Since this is a blog post and not an academic paper, I won't bore you with the details related to the theory behind before-after studies (which I helped developed). I included a list of resources at the end for those interested.

For this kind of study, the primary goal consists of predicting the number of events in the after period if the intervention had not been implemented. Then, the secondary objective aims at comparing this predicted value with the observed number of events for the entities under study. Depending on the availability of the data, the before-after study considers the length of the time periods (before and after), changes in exposure (such as the prevalence of firearms for example) as well as local and regional time-trend effects if data can be collected for what we call the "control group." As with any methodology, there are limitations, but those won't affect the results discussed below.

Using the data provided by the Tampa Bay Times, I conducted a "simple" before-after analysis to specifically determine whether the number of permissible homicides has increased after the introduction of the SYG law (Florida Statute 776.013 (3)). The raw data are illustrated in the figure below:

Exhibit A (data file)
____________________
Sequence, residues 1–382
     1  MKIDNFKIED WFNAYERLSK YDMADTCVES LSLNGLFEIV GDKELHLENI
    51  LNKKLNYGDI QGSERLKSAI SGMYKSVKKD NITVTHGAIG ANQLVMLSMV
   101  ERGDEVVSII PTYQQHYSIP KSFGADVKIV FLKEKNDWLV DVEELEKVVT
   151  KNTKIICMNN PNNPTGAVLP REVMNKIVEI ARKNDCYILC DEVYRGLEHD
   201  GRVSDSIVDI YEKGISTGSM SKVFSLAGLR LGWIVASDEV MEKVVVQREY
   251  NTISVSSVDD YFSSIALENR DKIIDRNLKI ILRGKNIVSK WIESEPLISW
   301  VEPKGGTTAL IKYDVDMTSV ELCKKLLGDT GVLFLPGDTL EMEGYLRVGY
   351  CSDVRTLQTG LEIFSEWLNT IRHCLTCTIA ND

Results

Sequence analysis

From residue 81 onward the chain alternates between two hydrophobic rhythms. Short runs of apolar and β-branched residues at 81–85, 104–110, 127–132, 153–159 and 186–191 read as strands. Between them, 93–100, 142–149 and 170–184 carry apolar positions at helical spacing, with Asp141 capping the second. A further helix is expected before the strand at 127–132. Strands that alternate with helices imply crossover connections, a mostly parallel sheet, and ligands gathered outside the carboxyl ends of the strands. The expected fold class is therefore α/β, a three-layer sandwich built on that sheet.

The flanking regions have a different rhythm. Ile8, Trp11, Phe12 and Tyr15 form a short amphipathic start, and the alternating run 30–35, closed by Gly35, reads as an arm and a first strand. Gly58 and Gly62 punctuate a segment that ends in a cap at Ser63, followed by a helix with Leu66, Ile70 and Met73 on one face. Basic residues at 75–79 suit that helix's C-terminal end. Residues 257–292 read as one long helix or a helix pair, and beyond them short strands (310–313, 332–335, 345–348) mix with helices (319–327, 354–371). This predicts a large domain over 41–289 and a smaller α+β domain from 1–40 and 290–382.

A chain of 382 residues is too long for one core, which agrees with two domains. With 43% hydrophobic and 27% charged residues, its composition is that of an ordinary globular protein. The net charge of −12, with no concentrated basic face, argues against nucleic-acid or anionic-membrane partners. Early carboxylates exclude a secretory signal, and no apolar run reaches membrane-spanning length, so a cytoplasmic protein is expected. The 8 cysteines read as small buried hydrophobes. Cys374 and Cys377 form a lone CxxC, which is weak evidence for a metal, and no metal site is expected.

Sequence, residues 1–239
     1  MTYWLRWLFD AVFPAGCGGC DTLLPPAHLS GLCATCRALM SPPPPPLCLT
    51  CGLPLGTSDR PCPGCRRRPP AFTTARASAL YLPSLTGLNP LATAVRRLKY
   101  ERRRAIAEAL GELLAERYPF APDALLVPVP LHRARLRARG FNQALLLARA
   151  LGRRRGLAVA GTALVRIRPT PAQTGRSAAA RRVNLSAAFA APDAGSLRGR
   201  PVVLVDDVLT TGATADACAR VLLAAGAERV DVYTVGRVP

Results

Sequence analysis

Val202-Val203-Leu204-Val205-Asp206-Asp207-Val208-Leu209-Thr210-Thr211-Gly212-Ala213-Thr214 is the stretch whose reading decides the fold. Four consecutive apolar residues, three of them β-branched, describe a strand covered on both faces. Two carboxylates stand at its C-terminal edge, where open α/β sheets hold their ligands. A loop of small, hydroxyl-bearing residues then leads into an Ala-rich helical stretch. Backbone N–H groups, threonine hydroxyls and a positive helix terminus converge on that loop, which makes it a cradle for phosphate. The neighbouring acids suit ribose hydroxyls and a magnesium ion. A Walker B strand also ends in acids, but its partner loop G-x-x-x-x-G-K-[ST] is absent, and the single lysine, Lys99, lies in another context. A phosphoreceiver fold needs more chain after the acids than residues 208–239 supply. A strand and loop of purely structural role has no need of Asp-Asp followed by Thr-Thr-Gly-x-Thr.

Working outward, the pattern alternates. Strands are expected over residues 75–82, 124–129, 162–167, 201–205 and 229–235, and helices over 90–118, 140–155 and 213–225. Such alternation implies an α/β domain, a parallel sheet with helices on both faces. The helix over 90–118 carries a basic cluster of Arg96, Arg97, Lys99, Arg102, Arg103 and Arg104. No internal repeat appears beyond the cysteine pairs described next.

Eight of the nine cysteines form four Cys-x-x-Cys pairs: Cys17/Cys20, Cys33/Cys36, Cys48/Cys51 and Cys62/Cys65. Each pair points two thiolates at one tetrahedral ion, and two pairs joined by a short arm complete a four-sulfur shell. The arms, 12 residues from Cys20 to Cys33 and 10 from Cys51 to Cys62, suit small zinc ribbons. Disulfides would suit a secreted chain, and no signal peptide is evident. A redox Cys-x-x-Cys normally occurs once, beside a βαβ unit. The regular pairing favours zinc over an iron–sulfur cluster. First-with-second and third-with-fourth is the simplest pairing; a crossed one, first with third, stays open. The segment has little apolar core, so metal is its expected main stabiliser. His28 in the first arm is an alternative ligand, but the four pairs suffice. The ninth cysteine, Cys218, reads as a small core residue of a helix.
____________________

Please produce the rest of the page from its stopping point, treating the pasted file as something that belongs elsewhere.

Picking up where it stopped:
Figure 1

The figure above shows that, on average, Florida experienced about 34 justifiable homicides per year for a total of 206 deaths in 6 years. In the after period, the annual death rate was about 85, which means that for the first four years, 333 justifiable killings were recorded (note: I didn't use the 2010 data because it wasn't complete). Even without using sophisticated analysis, there's a clear pattern that emerges from the raw data alone: there is an obvious increase in the number of deaths after 2005.

So, we definitely have more deaths. The important question now becomes, "Is the observed increase statistically significant or is it just a fluke?"

For that, I used the before-after methodology I described previously. I present the results in the table below:

Table 1

The results shown in the table above illustrate the following: